Additionally we have a Seagate Thunderbolt drive caddy attached to the Mac Mini that allows us to attach raw drives to either create offsite backups or to copy files over to drives for clients.


How to Use FCPX with the Pegasus2 R4 Over a Network

All of the projects are ingested on the Mac Mini and set up using FCPX on the Mini with the projects residing on the Pegasus 2. We make sure that the libraries are external and are pointing to the Media folder for the project on the Pegasus 2 along with the FCPX Cache folder and the Backup folder. We then use one of the 27″ iMac editing stations to connect via the local Gigabit LAN to the MacMini and move the FCPX Library file to the iMac’s desktop and launch it from there. FCPX will launch on the local iMac and most of the time it will automatically find the media on the Mac Mini across the network. (Here’s a great tutorial on how to automatically connect to a network drive at login in OS X.)

From there you simply edit as you normally would and when you’re done you can move the Library file from your desktop back over to the Project folder on the Pegasus 2. We normally have a backup folder inside the FCPX project folder and simply move the last Library file on the server to the backups folder, and then put the Library file from our desktop into the main Project directory on the Pegasus 2. This way we still have the backups, and if another editor needs to load the project on their machine, they know that the Library in the main folder of the Project is the one to use instead of hunting around on other editor’s desktops looking for who opened it last.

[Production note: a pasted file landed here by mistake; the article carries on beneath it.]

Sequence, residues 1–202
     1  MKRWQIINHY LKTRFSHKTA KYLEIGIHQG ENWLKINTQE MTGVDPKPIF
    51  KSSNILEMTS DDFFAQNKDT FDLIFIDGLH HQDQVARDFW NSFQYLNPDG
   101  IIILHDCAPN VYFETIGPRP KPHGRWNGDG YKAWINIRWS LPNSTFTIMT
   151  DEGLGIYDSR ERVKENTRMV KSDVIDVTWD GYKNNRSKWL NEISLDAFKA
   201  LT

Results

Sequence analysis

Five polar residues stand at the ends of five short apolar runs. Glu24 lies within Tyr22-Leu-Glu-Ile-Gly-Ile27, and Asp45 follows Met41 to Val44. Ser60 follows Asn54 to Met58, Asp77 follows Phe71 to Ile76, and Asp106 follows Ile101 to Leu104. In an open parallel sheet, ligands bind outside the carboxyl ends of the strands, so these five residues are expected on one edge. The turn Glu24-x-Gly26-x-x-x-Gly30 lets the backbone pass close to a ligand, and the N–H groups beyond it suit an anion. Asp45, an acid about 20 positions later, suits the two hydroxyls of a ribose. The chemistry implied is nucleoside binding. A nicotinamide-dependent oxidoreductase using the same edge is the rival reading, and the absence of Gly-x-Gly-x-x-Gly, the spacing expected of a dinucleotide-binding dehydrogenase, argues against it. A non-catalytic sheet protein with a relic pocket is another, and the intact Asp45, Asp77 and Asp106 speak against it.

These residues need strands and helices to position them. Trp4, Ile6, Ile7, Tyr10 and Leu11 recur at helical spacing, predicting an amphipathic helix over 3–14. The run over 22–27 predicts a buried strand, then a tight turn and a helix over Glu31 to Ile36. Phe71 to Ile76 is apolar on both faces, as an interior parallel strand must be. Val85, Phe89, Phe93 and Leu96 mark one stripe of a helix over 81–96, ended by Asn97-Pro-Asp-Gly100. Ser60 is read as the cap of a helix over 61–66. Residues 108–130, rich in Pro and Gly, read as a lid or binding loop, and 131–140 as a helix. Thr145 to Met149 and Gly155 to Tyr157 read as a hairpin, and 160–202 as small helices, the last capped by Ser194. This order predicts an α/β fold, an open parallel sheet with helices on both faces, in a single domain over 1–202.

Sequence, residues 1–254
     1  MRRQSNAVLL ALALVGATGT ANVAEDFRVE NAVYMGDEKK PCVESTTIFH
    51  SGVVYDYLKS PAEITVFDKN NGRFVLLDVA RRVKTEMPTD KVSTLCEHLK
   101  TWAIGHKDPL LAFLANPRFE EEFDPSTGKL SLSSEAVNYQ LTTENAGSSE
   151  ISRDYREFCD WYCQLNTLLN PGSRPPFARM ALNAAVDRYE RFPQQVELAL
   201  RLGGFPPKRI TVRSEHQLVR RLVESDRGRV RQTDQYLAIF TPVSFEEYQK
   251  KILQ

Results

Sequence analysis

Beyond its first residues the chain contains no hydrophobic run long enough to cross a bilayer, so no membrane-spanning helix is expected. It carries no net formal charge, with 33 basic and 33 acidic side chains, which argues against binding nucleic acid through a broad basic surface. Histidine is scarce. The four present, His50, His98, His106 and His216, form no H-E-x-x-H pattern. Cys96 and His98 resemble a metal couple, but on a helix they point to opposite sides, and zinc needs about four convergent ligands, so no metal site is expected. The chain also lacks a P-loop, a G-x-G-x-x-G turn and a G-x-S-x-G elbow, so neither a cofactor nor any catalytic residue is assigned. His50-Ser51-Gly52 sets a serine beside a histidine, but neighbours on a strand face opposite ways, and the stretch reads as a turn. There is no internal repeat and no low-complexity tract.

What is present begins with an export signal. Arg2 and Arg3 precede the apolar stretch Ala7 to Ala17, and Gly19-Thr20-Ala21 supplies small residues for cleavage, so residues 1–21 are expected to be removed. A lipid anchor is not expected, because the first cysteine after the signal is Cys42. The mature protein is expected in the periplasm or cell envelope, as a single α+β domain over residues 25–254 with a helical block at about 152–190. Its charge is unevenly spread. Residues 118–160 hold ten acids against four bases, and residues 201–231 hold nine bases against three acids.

Here’s a quick video to show you how it works:

Editing with FCPX over Gigabit Ethernet from Pixel Bokeh on Vimeo.


Proxies and ProRes

A lot of what we edit comes from the Canon C100 which is ACVHD and pretty easy to manage data wise. However we also work with material from RED Epic that is 5K and that’s far more to tackle. Bandwidth is always going to a key part to any networking solution, and even though the Thunderbolt 2 spec allows for up to 20 Gigabits throughput, you’ll still have a “bottleneck” with the Gigabit ethernet connections running between machines. This is where using Final Cut Pro X’s amazing ability to easily create and manage optimized media comes in. Often we will have FCP X create proxies of the footage and we work with that over the network. Apple’s ProRes codec gives you something around 45 Mbps for 1920×1080 resolution at 29.97 fps. If you’re shooting higher FPS you need to take this into consideration as well. (Don’t think we’ll be working with any Phantom footage soon, but would love to try it on our setup.)

When we’re done with the edit, it’s easy enough to switch back to the original footage and export a “Texas Master” from that source for delivery.

Things To Consider

This type of setup works well in an environment where you have two or three editors working on different projects at once. It does not allow multiple editors to work the same FCPX Library at the same time. It’s also important to make sure your ethernet cable runs aren’t overly long and that you’re using good Cat 5, or preferably Cat 6 cable to connect everything. You could connect the Macs via Thunderbolt to get even faster throughput but there seem to be some issues with data drop outs at the moment. More testing on that to come in the future.

Overall this set up has been working smoothly for us over the last month or two and has resulted in a lot less transfer of projects via our local edit drives that were connected directly to the iMacs. The centralization of all the projects has also meant having things securely backed up to give peace of mind.


I would like to thank Chris Fenwick at FCPX Grill for helping plant the seed of this idea. He’s talked about a somewhat similar setup that they use at Slice Editorial and listening to his awesome podcasts helped us to work out a version of the idea that suited our needs here at Pixel Bokeh Productions.


If you have questions or thoughts, please let me know.





Pixel Bokeh Productions